- By Joshua Keating
Joshua Keating is associate editor at Foreign Policy and the editor of the Passport blog. He has worked as a researcher, editorial assistant, and deputy Web editor since joining the FP staff in 2007. In addition to being featured in Foreign Policy, his writing has been published by the Washington Post, Newsweek International, Radio Prague, the Center for Defense Information, and Romania's Adevarul newspaper. He has appeared as a commentator on CNN International, C-Span, ABC News, Al Jazeera, NPR, BBC radio, and others. A native of Brooklyn, New York, he studied comparative politics at Oberlin College.
If the recent contentious confirmation hearings of judicial nominee Goodwin Liu and State Department legal advisor Harold Koh are any evidence, the question the role of international law and whether it is proper to use foreign judgements in deciding cases, has quickly joined issues like abortion and executive privelege as a lightning-rod topic that nominees can expect to be grilled on.
With little in the public record to suggest what Barack Obama’s Supreme Court nominee thinks about the issue, I spoke with Diane Marie Amann, director of the California International Law Center at UC Davis, and founder of the popular legal blog IntLawGrrls, about how much we can tell about how Elena Kagan sees the world:
JK: What evidence from Kagan’s career, might shed some light on her views on international law?
DMA: It’s really hard to read the tea leaves. She’s done two stints now in the executive branch, in the Clinton and Obama administrations. Both of those administrations have dealt with transnational criminal law, either in the context of the war on drugs or the campaign against terrorism. The positions that would have been taken there would have been very much in favor of expanding the reach of U.S. law enforcement to deal with those issues. The role that she played in helping craft those policies, and most recently [as Obama’s solicitor general] in making those arguments in front of the Supreme Court, have to be an important part of trying to assess her stance on these issues.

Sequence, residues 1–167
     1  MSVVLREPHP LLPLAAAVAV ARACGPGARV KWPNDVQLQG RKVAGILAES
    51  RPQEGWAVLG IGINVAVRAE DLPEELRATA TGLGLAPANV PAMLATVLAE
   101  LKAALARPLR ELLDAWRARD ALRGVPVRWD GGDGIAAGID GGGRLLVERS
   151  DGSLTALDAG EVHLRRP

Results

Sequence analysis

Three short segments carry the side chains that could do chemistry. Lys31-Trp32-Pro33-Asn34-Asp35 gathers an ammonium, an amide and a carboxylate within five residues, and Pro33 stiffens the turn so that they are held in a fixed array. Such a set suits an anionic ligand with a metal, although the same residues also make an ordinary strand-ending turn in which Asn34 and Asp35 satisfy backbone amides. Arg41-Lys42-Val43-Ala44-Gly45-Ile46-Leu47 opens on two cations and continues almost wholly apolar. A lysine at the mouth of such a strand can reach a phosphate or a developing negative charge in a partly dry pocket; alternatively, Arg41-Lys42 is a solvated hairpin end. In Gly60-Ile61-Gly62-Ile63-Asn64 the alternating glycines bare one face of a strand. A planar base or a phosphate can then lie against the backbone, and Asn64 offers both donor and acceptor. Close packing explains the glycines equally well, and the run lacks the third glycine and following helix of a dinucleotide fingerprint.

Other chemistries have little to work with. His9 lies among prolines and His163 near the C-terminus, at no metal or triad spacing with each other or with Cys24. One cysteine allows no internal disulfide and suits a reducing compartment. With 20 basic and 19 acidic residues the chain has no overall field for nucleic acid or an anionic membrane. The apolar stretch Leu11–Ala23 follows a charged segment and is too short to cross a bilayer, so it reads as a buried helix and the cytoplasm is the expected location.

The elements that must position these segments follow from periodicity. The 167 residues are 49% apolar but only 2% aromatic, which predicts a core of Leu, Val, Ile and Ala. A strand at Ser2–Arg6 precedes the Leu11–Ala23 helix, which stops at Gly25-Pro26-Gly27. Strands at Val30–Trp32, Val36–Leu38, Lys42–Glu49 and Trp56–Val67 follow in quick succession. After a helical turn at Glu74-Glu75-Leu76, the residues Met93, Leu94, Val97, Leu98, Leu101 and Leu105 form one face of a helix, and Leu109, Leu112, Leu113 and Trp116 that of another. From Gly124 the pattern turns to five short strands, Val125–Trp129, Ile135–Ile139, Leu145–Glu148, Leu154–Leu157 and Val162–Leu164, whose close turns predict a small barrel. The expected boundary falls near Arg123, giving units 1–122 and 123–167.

At the same time, she’s not an international lawyer. Her specialty in academia was domestic constitutional law, the law of the U.S. federal court. She did not write on issues related to international law. It’s probably fairest to say she comes to the confirmation hearings with an almost clean slate on these issues.
JK: What about the debate over citing foreign case law and using international standards to inform judgements. Do we know anything about she comes down on that?
DMA: Well she certainly is aware of the debate and the controversy around it. In the early 2000s, she invited justice Ruth Bader Ginsburg to defend the practice at a women’s leadership summit at Harvard, but she didn’t tip her hand. I’m sure she knew Justice Ginsburg would defend it, but she didn’t offer any follow-up comment.
JK: If you could question Kagan at her confirmation hearing, what would you ask to find out more about her position on these issues?
DMA: I would be curious to know if she had any training in international law as a law student, in briefs that she’s written or policy discussions she’s been involved in, or in her work as the law dean, and what the nature of that training was. Then also, her attitude toward it: the question of whether it’s appropriate for U.S. courts to look to foreign context and foreign judicial decisions to figure out how to interpret similar provisions in American law is an important question.
I have no doubt that she’ll be asked that question. If you look at the recent panel hearing for Goodwin Liu, the nominee to the 9th circuit, a number of senators repeatedly asked Liu that question. In many ways, watching that hearing seemed to me to be a preview to what we can expect with the Kagan hearing. There’s not doubt she’ll be asked the question. What’s open is whether she’ll answer it. Justice Sotomayor’s hearing last year indicates that she’ll probably try to deflect that question.
JK: It does seem like the question of foreign case law has become much more controversial lately, in the confirmation of Harold Koh as legal advisor to the State Department, for instance.
DMA: There’s a certain segment of the senate that is extremely concerned about what they perceive as a judicial inclination to follow foreign law. Personally, I believe that they’re wrong on their understanding of what the court has been doing. What the Supreme Court did, even in the most noteworthy cases like the juvenile death penalty case, was to try to interpret very open terms like "cruel and unusual punishment" to interpret what those words mean in contemporary society, including within their survey what they call "civilized society," allies of ours and countries that share our traditions – taking their experiences into account but not by any means, being required to follow suit. For a number of senators, the belief is that the justices have been feeling beholden to those foreign judgements.
JK: What are some of the biggest international issues that might come before the court in coming years?
DMA: We know that the U.S. campaign against terrorism will continue for the foreseeable issues. This will raise all kinds of issues that intertwine American domestic law and American obligations under international law, such as the Geneva Conventions and the Convention Against Torture. There’s no question that she would be dealing with these issues, perhaps even in her first term.